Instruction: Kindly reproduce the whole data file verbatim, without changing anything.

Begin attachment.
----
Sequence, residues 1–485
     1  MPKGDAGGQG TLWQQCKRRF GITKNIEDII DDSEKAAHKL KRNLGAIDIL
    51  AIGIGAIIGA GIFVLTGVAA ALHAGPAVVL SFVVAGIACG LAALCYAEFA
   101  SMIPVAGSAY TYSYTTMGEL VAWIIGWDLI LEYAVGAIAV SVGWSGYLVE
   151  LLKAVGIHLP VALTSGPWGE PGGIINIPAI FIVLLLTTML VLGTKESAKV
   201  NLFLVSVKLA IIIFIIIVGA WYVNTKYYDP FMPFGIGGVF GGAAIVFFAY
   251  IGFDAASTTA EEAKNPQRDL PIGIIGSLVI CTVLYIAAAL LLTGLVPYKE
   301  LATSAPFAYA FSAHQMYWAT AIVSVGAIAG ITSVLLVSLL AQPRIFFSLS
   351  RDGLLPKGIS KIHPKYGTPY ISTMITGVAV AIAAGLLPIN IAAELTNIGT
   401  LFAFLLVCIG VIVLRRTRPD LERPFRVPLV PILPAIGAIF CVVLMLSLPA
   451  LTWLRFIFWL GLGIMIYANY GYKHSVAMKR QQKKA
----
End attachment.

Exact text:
Sequence, residues 1–485
     1  MPKGDAGGQG TLWQQCKRRF GITKNIEDII DDSEKAAHKL KRNLGAIDIL
    51  AIGIGAIIGA GIFVLTGVAA ALHAGPAVVL SFVVAGIACG LAALCYAEFA
   101  SMIPVAGSAY TYSYTTMGEL VAWIIGWDLI LEYAVGAIAV SVGWSGYLVE
   151  LLKAVGIHLP VALTSGPWGE PGGIINIPAI FIVLLLTTML VLGTKESAKV
   201  NLFLVSVKLA IIIFIIIVGA WYVNTKYYDP FMPFGIGGVF GGAAIVFFAY
   251  IGFDAASTTA EEAKNPQRDL PIGIIGSLVI CTVLYIAAAL LLTGLVPYKE
   301  LATSAPFAYA FSAHQMYWAT AIVSVGAIAG ITSVLLVSLL AQPRIFFSLS
   351  RDGLLPKGIS KIHPKYGTPY ISTMITGVAV AIAAGLLPIN IAAELTNIGT
   401  LFAFLLVCIG VIVLRRTRPD LERPFRVPLV PILPAIGAIF CVVLMLSLPA
   451  LTWLRFIFWL GLGIMIYANY GYKHSVAMKR QQKKA